Wednesday, October 22, 2008

Tech startups make cuts amid downturn

By Therese Poletti

SAN FRANCISCO (MarketWatch) - Many Internet startups are starting to heed the dire warnings of their venture capital investors, and last week, some began cutting costs in order to survive the economic downturn, including laying off employees.

Two weeks ago, Sequoia Capital, Benchmark Capital, angel investor Ron Conway and other investors wrote some scary memos to their portfolio companies, warning them to conserve their cash, cut costs and start generating revenues. See full story.
So many companies, some of them backed by the above-mentioned firms, started making cuts. Companies ranging from online real estate appraiser in Seattle to Internet radio station Pandora of Oakland, Calif. to San Francisco-based ad network AdBrite all began to issue pink slips to employees last week.
Even the elder statesmen of the Internet are swinging the axe. Online auction giant eBay Inc. (EBAY:
ebay inc com
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Sponsored by:
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announced plans to fire about 1,000 of its workers earlier this month. Yahoo Inc. (YHOO:
Yahoo! Inc
Last: 12.37+0.30+2.49%
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Sponsored by:
12.37, +0.30, +2.5%)
may announce cuts of 1,000 employees on Tuesday, according to recent reports in the Wall Street Journal and ValleyWag, a widely read Silicon Valley-based blog.
One thing seems to be clear. As the companies who already have funding scramble to stay alive, and take up even more attention of their investors, my guess is it's going to be harder to start new technology companies, especially in the Internet sector and in capital intensive arenas such as semiconductors and telecommunications, over the next year or longer.
New data released this weekend from the National Venture Capital Association gave a glimpse into a trend that will probably continue as the economy worsens. The companies at the earliest stages in funding saw a slight drop in investing amid an overall 7% drop in venture funding, which will be exacerbated by the credit crisis. The Internet sector was a big loser of investment, with funding of Internet startups falling 36% from the second quarter.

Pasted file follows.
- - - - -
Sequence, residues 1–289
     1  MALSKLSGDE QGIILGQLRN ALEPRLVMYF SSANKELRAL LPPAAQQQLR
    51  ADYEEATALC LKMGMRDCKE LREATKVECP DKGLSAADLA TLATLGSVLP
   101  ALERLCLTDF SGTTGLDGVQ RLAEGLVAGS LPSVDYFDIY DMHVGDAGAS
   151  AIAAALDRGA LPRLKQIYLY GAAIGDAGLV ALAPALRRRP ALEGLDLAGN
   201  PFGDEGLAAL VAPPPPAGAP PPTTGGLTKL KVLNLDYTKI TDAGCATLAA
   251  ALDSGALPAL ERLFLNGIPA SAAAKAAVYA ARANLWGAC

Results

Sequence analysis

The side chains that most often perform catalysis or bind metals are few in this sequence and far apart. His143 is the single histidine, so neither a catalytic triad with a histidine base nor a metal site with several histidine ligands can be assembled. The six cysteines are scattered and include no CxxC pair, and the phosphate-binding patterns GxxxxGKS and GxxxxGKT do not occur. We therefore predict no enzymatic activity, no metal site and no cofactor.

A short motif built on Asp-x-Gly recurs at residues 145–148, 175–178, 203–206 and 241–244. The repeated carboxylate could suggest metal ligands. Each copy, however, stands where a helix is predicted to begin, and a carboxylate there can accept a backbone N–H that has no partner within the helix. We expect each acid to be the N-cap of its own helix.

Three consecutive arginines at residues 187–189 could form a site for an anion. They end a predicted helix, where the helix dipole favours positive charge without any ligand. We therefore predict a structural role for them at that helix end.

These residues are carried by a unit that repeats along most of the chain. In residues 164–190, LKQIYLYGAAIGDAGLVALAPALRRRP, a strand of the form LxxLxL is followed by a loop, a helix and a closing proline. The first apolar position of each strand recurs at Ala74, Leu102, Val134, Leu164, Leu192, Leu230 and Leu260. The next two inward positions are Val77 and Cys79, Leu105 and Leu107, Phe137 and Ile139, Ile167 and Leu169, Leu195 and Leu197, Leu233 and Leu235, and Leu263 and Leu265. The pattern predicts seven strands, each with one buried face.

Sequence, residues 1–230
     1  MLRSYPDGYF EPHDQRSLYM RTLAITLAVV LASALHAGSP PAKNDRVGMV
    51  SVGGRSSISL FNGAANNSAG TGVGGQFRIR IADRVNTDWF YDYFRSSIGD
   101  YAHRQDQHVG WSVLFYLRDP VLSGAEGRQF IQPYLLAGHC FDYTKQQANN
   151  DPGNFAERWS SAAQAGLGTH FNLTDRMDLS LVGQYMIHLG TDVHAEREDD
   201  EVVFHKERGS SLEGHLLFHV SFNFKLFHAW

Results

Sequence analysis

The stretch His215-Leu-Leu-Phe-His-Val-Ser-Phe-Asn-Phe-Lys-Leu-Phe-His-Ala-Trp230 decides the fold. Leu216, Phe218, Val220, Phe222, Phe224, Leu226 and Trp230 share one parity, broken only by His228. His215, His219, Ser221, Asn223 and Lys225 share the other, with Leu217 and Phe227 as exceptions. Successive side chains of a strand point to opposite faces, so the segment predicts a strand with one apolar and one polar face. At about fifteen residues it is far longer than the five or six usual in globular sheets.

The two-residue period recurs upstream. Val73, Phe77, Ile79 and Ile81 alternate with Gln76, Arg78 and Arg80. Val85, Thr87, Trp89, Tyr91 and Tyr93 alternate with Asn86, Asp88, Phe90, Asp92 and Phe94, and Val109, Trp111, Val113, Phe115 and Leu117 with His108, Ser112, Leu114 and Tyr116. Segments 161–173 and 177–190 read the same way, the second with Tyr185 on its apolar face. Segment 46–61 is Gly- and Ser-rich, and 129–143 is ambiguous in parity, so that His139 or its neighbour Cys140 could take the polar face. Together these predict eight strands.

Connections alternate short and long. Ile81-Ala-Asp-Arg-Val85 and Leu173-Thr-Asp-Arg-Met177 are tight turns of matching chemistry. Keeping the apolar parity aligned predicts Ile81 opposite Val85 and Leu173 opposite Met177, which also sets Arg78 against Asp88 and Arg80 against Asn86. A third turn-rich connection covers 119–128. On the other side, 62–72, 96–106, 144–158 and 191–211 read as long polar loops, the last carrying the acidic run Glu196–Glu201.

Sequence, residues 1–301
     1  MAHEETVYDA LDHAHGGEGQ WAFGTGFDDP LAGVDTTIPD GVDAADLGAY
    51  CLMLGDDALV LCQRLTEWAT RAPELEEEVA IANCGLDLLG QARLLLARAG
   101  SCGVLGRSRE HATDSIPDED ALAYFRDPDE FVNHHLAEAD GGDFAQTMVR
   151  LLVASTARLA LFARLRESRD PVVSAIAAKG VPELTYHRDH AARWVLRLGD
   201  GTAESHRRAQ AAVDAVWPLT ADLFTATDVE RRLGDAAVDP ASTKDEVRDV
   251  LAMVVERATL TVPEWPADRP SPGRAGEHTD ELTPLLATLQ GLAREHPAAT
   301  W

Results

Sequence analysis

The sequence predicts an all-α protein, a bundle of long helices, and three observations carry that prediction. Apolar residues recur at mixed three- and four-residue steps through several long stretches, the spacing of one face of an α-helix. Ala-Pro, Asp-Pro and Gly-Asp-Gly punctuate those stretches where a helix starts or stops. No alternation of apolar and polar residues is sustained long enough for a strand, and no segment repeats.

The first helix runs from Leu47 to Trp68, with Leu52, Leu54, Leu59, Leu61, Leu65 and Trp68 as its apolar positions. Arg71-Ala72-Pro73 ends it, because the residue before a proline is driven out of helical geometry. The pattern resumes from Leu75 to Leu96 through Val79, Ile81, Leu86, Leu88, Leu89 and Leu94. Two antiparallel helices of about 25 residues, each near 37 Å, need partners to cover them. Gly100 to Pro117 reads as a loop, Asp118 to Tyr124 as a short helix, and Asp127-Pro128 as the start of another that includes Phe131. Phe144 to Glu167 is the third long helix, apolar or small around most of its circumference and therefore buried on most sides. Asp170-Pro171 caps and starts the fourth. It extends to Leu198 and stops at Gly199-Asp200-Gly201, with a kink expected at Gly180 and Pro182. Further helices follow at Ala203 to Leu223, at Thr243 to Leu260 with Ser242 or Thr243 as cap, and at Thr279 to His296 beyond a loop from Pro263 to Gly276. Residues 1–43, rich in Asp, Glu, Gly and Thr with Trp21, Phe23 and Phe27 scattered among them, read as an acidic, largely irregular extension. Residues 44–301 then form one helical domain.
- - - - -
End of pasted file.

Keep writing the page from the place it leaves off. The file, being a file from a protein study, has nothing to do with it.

Over the last year, venture capitalists have been faced with a very big problem: the lack of a public market for their companies. As the VCs noted on a conference call to discuss the data, there has not been a single initial public offering since March.
Venture capitalists are already spending more time with the companies in their portfolios that already should be going public. They have been holding their hands, trying to find buyers, or helping in the search for strategic partners for companies that, in another time, might already be publicly traded.
John Taylor, vice president of research at the NVCA, gave a great analogy to help understand a problem that I think is only going to get worse.
"Imagine the example of a high school that has lost its diploma-printing machine," he said. "You have all these high school seniors and it can't release them because there is no place for them to go."
If these numbers continue to build, the venture firms will start paying less attention to the very early stage companies. As their focus becomes how to get returns on their increasing investments, newer younger companies will get less attention.
With the credit markets tightening, the exit strategy via an acquisition is also getting harder. Often, companies need financing for such deals.
Other sources of capital are drying up. Angel investors are seeing their own personal portfolios take a hit, and therefore have less to work with. Attempts at bootstrapping will be harder for entrepreneurs because they will not be able to use their homes as piggy banks, and friend and family financing will be harder to come by as the credit crisis hits consumers' own pocketbooks by limiting credit cards with large balances.
The irony was not lost on anyone in Silicon Valley that AdBrite, one of the companies to cut the most jobs last week (40%) counts among its founders Philip Kaplan, the creator of one of the more infamous sites of the dot-com bust. The site - - chronicled the demises of the Internet bubble through snippets and rumors about companies in trouble.
Last week's moves were followed with a bit of glee among the media (myself included) and the VCs themselves, almost with the same kind of excitement and morbid fascination that comes before a big storm. The VCs hope to be able to use the desperation that may creep into some companies as a chance to get bigger stakes for lower valuations. And the media wants to say "we told you so." See full story.
At least one blogger has started a lame attempt to recreate, with a blog called